You’ve almost certainly heard of Spain’s Camino de Santiago, a roughly 500-mile journey from Saint-Jean-Pied-de-Port, France, to Santiago de Compostela, Spain. But the 1,240-mile Via Francigena, which passes through idyllic British, French, Swiss, and Italian towns, is far less crowded. In 2015, 25,000 people hiked this ancient trade route that extends from Canterbury, England, to Rome, which is a quarter of the number of hikers on the Camino every year. If you only want to do a few days, choose the Tuscan part. You’ll walk or bike along rolling hills and past small towns with restaurants that serve unbeatable local wine, cheese, and charcuterie. The trail itself is free and does not require a guide, and the Via Francigena European Association offers an interactive map of hostels and hotels along the trail that offer discounts for walkers. If you prefer to have someone else handle the logistics, however, SloWays runs self-guided tours, ranging from $164 for two nights and up to $5,826 for 50 nights, that cover the entire 400-plus mile Italian stretch of the route, with breakfast and luggage transfers between each hotel.
If you think of Jordan as a barren desert, you’ve got it all wrong. The 400-mile Jordan Trail extends the length of the country from the northern town of Umm Qais, dotted with hot springs and oak forests, to the southern tip of Aqaba, on the shores of the Red Sea. Some of the more iconic sections pass through Wadi Rum—a classic desert landscape, complete with camels—and the ancient city of Petra, which is all the more stunning when you’ve arrived there on foot. It’s easy and safe to do the trek without a guide, with Jordan Trail’s official website providing detailed information about each leg. If you prefer to go with a crew, the organization holds an annual guided thru-hike—this year’s runs from March 6 to April 18. You can join for one or up to eight regional sections or do the whole thing. The trek includes all meals and accommodations at homestays and serviced campsites (starting at $3,150). If you go on your own, plan a trip for winter, early spring, or fall, as summer temperatures can be unbearable starting in May.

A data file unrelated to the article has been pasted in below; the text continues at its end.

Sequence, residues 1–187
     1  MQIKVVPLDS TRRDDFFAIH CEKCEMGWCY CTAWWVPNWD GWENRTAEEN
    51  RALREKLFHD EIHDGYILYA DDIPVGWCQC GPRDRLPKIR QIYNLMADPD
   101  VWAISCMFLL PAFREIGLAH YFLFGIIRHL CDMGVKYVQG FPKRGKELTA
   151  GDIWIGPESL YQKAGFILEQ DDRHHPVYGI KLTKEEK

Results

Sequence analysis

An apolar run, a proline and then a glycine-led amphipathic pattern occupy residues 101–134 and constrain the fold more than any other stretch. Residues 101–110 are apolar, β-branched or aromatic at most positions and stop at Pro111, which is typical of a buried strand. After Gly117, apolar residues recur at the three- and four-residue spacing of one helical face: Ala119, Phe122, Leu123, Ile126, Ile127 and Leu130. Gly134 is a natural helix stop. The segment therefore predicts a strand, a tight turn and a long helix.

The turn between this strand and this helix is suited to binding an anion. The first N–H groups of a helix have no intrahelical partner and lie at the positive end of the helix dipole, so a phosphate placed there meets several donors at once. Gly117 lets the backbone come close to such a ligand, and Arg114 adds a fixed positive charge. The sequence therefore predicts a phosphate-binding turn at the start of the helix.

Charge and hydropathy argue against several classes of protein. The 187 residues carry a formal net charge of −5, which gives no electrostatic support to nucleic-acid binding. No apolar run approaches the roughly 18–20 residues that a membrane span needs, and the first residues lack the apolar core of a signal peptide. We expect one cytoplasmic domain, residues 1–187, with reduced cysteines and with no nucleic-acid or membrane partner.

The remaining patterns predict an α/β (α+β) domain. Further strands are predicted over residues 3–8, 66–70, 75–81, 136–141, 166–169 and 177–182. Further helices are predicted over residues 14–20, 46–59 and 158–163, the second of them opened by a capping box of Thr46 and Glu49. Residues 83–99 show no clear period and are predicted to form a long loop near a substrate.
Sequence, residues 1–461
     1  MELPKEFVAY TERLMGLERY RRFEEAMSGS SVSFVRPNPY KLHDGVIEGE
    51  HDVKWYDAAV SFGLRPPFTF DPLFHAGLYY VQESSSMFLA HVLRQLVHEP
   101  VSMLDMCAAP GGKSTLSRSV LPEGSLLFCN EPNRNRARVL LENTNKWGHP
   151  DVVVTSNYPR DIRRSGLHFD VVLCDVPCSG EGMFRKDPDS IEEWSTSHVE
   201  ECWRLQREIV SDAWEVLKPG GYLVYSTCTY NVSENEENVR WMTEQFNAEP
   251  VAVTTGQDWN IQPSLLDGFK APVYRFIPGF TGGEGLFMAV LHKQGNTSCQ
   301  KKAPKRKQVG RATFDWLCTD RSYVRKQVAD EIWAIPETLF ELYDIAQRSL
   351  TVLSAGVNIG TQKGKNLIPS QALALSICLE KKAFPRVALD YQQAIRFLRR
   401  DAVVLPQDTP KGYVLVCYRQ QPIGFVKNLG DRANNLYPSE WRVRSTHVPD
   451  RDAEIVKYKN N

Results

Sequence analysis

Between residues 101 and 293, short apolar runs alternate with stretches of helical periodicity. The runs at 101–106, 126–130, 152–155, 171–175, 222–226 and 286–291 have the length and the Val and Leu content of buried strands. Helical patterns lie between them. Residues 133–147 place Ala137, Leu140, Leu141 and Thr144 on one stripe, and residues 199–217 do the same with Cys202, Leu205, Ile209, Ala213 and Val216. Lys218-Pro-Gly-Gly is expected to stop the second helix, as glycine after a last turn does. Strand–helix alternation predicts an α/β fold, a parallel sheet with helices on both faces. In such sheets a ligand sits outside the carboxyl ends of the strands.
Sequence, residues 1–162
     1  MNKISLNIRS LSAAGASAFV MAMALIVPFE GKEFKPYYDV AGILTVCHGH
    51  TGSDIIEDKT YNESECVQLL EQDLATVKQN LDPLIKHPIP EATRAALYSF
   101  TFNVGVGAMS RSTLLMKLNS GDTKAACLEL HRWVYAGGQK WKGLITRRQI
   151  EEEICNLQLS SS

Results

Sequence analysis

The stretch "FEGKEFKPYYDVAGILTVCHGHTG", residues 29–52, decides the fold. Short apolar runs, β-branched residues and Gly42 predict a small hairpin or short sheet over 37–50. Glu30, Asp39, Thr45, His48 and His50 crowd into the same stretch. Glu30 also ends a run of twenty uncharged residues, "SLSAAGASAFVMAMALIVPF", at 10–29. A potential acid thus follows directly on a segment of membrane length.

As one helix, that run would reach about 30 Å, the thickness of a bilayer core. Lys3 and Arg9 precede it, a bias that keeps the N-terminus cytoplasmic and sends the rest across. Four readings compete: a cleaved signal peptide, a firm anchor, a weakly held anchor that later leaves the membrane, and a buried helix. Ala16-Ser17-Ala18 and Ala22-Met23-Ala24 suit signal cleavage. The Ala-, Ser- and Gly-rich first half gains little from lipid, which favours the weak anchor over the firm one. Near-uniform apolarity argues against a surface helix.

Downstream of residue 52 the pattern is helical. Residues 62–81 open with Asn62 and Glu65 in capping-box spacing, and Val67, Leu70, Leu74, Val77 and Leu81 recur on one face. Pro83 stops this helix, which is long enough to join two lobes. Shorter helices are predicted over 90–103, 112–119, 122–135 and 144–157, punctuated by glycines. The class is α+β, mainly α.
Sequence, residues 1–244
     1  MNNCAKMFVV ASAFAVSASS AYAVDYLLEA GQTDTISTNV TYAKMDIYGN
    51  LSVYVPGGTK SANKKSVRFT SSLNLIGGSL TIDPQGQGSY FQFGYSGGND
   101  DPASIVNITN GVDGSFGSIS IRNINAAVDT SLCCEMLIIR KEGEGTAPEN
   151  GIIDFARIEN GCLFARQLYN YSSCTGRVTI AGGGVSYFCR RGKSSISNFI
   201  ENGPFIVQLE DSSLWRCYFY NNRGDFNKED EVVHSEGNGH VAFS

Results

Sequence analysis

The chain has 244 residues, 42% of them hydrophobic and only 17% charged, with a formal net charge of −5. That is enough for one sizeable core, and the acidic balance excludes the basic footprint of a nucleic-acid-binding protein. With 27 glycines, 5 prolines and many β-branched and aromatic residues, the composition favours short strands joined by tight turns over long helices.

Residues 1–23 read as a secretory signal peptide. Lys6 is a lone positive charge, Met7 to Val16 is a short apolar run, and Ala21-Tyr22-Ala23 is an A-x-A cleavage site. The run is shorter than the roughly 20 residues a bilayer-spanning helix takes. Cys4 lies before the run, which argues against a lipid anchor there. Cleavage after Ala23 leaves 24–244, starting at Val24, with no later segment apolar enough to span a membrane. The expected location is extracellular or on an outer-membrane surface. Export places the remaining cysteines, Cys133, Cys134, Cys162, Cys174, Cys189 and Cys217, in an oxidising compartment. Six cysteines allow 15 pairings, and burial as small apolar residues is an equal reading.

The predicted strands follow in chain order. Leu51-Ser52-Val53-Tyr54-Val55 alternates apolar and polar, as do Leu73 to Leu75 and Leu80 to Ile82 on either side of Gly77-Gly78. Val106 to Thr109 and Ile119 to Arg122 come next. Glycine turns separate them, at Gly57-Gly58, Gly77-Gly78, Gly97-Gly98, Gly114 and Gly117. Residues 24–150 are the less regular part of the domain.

This mountainous nation is largely under the radar for U.S. tourists, but its national park system is worth exploring. According to Skyscanner, flights to Bishkek start around $650 from New York, and once you get there, you can all but put away your wallet. Bus travel within the country is quite cheap, and you don’t need a guide to hike in the country’s national parks. Journal of Nomads, a blog that also runs its own backcountry trips, offers an impressively in-depth guide to trekking there, including detailed information on the costs of public and private transportation. One highlight backpackers should consider is a four-day loop to Lake Ala-Kul in the country’s northeast, with powder-blue waters at 11,600 feet. Along the way, you’ll find hot springs, dramatic mountain views, and virtually no tourists. Alpine weather is unpredictable year-round, but the summer months are best for hiking to avoid blizzard conditions at high altitude.